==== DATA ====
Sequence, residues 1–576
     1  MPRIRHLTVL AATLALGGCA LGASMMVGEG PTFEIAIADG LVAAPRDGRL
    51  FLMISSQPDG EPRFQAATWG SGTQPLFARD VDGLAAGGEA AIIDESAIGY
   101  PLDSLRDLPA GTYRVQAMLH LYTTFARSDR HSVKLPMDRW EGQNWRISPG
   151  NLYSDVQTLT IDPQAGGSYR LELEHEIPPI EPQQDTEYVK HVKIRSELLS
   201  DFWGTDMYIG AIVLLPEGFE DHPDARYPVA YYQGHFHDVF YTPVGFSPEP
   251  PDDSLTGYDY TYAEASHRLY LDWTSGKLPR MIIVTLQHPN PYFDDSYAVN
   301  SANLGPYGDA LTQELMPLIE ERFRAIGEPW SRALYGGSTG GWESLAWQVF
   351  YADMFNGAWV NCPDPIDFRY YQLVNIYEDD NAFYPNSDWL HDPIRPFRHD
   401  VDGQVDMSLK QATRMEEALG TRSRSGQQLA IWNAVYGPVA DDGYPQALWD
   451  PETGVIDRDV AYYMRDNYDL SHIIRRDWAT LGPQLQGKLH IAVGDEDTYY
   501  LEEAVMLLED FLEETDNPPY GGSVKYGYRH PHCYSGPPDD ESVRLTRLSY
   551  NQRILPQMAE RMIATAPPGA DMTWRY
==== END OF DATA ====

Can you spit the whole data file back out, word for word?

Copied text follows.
Sequence, residues 1–576
     1  MPRIRHLTVL AATLALGGCA LGASMMVGEG PTFEIAIADG LVAAPRDGRL
    51  FLMISSQPDG EPRFQAATWG SGTQPLFARD VDGLAAGGEA AIIDESAIGY
   101  PLDSLRDLPA GTYRVQAMLH LYTTFARSDR HSVKLPMDRW EGQNWRISPG
   151  NLYSDVQTLT IDPQAGGSYR LELEHEIPPI EPQQDTEYVK HVKIRSELLS
   201  DFWGTDMYIG AIVLLPEGFE DHPDARYPVA YYQGHFHDVF YTPVGFSPEP
   251  PDDSLTGYDY TYAEASHRLY LDWTSGKLPR MIIVTLQHPN PYFDDSYAVN
   301  SANLGPYGDA LTQELMPLIE ERFRAIGEPW SRALYGGSTG GWESLAWQVF
   351  YADMFNGAWV NCPDPIDFRY YQLVNIYEDD NAFYPNSDWL HDPIRPFRHD
   401  VDGQVDMSLK QATRMEEALG TRSRSGQQLA IWNAVYGPVA DDGYPQALWD
   451  PETGVIDRDV AYYMRDNYDL SHIIRRDWAT LGPQLQGKLH IAVGDEDTYY
   501  LEEAVMLLED FLEETDNPPY GGSVKYGYRH PHCYSGPPDD ESVRLTRLSY
   551  NQRILPQMAE RMIATAPPGA DMTWRY